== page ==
Disputes between shareholders in businesses are relatively common, and most are easily resolved. It’s not always that simple or easy, however, and disputes can often become more serious and cause problems to the operation of the business.
Avoiding and resolving disputes, then, is absolutely vital to the success of your business.
Some of the most common company disputes concern minority shareholders, who may feel that they are being ignored or overruled due to only having a relatively small share in the company. Minority shareholders have many of the same rights as major shareholders, and prejudice against them can be given a very dim view by the courts.
Worried about your legal position? Call us today on FREEPHONE 0800 1404544 for FREE initial phone advice on your shareholding
Any dispute between company shareholders is often both complicated and highly stressful. And it can prove very expensive indeed. That’s why it’s so important that you get the right legal advice – from an experienced business dispute resolution specialist plenty of experience of company bust ups. Our team have that expertise.
The head of our business dispute team, David Patterson, is a member of the Commercial Litigation Association – the UK’s only group of expert commercial litigation and mediation professionals.
What causes minority shareholder disputes?
Minority shareholders may have a grievance if they feel directors are exceeding their powers, being selective with issues over shares or using company money inappropriately.
If a major shareholder has behaved improperly, a court may allow the minority shareholder to resign his or her position by forcing the sale of shares to the majority shareholder at a price fixed by the court. This is only usually relevant to private companies, as a minority shareholder in a publicly traded company can sell his or her shares on the open market.
Disputes can occur at any level of the boardroom, and major shareholders often come up against disputes with fellow shareholders, but disputes involving minority shareholders can be particularly prevalent and cause heightened feelings of anger and injustice. Unfortunately, it can be the case that major shareholders may feel they can ride roughshod over minority shareholders, seeing them as lesser partners due to their reduced financial input. For a minority shareholder who effectively has the same voting rights as a major shareholder, this may feel unjust and tempers can easily flare.
That’s why forward planning and effective shareholder management is key to avoiding the likelihood of minority shareholder disputes.
Avoiding disputes in the first place – getting the right shareholders agreement
One of the most effective ways to resolve disputes is to anticipate them and plan against them before they happen.
Drawing up a shareholders’ agreement is a vital stage in a company’s formation, although an agreement can be drawn up at any point in order to mitigate against any future disputes which might occur between shareholders.
A shareholders’ agreement is a relatively complicated but very useful document which will outline the rights and responsibilities of all shareholders. It needs very careful wording and there are a number of ways in which you can come unstuck, so hiring a professional, experienced business solicitor is vital to ensuring your shareholders’ agreement is watertight.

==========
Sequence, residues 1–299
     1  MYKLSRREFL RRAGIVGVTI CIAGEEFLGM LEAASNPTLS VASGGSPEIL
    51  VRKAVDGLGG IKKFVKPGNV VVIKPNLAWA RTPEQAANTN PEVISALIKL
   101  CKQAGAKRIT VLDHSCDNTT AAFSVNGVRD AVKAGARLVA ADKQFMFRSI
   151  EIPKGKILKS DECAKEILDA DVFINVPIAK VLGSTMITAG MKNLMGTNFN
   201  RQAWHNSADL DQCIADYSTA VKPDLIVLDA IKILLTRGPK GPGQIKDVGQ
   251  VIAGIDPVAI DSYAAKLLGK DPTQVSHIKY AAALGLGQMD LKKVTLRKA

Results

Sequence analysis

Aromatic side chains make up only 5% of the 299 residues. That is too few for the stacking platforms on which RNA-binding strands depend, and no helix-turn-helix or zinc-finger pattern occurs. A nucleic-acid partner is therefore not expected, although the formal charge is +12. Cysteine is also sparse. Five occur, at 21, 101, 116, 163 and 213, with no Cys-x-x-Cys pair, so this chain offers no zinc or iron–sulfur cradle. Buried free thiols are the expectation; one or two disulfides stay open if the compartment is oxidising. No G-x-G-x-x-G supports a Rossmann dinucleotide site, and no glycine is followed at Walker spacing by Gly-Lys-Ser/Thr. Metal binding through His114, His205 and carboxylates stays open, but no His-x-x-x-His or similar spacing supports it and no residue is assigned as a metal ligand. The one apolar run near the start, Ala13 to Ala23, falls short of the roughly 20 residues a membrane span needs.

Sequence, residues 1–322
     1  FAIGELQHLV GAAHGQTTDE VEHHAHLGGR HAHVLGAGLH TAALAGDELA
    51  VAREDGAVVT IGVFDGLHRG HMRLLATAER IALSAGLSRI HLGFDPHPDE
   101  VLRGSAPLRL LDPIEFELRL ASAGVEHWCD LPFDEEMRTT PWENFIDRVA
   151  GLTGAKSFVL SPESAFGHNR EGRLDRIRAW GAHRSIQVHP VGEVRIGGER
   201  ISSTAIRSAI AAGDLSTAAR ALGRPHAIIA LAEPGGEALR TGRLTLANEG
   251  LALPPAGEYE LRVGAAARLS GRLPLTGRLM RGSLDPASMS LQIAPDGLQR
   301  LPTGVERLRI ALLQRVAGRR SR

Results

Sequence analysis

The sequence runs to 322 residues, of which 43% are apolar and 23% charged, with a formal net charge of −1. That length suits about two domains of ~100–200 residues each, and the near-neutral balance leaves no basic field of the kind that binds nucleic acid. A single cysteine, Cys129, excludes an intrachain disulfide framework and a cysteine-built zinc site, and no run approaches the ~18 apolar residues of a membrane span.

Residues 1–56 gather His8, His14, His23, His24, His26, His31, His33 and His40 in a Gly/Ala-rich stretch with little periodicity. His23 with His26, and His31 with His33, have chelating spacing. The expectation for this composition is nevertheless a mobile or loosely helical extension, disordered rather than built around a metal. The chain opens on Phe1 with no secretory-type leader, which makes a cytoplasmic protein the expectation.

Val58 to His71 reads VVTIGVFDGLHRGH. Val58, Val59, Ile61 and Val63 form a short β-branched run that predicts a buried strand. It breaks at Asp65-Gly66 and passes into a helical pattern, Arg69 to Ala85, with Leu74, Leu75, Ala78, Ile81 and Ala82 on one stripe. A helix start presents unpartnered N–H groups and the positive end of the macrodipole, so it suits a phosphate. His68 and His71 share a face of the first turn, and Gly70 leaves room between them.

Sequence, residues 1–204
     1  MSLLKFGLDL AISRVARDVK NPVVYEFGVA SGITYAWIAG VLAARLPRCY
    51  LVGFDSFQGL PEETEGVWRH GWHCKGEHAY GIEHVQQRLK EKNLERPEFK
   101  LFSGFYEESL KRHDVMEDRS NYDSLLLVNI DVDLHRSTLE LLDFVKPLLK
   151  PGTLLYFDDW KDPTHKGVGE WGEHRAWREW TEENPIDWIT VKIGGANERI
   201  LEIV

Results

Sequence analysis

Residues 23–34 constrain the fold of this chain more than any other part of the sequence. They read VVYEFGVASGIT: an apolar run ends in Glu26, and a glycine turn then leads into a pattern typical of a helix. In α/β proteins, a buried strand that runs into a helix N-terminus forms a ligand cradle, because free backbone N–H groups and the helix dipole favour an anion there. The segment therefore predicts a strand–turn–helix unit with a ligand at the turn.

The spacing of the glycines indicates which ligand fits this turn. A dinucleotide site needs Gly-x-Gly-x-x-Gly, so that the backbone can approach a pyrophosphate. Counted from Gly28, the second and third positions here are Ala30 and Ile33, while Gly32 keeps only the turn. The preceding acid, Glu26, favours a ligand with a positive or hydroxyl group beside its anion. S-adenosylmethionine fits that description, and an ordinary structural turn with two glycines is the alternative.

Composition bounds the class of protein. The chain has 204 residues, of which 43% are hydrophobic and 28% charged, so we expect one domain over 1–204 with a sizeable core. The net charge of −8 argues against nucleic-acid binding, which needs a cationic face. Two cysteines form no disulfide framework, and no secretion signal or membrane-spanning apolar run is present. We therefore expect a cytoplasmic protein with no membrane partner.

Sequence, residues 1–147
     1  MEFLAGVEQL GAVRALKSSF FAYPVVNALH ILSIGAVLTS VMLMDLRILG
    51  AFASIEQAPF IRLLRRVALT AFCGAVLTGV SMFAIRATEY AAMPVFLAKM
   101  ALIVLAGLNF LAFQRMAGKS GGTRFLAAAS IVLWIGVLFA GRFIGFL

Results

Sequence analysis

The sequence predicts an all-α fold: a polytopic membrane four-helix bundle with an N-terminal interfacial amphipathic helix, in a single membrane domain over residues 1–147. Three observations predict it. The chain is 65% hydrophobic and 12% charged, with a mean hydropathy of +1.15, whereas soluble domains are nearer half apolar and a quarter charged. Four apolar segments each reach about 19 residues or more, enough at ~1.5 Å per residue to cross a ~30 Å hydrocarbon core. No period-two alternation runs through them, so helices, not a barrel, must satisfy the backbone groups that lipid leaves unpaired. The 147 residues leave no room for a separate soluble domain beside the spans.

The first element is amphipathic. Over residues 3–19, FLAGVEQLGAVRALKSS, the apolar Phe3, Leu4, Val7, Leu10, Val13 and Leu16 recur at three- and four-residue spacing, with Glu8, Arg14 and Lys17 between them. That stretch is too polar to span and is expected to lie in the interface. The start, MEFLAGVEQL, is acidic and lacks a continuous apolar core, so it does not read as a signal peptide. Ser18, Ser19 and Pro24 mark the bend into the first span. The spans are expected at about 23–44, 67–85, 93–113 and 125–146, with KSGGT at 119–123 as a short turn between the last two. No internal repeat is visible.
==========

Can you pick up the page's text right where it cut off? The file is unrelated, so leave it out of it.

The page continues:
An experienced business solicitor will also know what potential pitfalls tend to befall shareholders, and minority shareholders in particular, and will be able to advise you as to what they are and how to try to avoid them, putting measures in place within the shareholders’ agreement which will take account of those possibilities.
Many people choose to avoid legal advice and simply draw up a shareholders’ agreement themselves, but this leaves them wide open to loopholes and a large number of things they may not have anticipated.
The short-term investment in proper, professional legal advice will be very small compared to the potentially huge damages which could be caused by a future disputes between shareholders.
Click here to read more about Shareholders Agreements
Legal advice should also be sought if you are already in the midst of a minority shareholder dispute, as proper resolution and mediation will be key to ensuring the dispute is settled quickly and amicably, enabling the business to carry on with its normal functions without adversely affecting the company itself or any of the shareholders, directors or employees.
When people’s jobs are potentially at stake, a quick resolution should always be sought, and an experienced business solicitor can help you through the potential minefield that is conflict resolution.
Are You A Minority Shareholder? Involved In A Company Dispute? Call Us Now
If you’re a minority shareholder and have a query regarding a dispute, you need the right advice from experienced business solicitors. Our business dispute team have the experience you need – call us today for FREE initial phone advice and put your mind at rest.
We offer FREE initial phone advice so you can find out where you stand without having to worry about paying legal bills.
- One of our team on FREEPHONE 0800 1404544 or on (01722) 422300
- E-mail us using the online enquiry form below: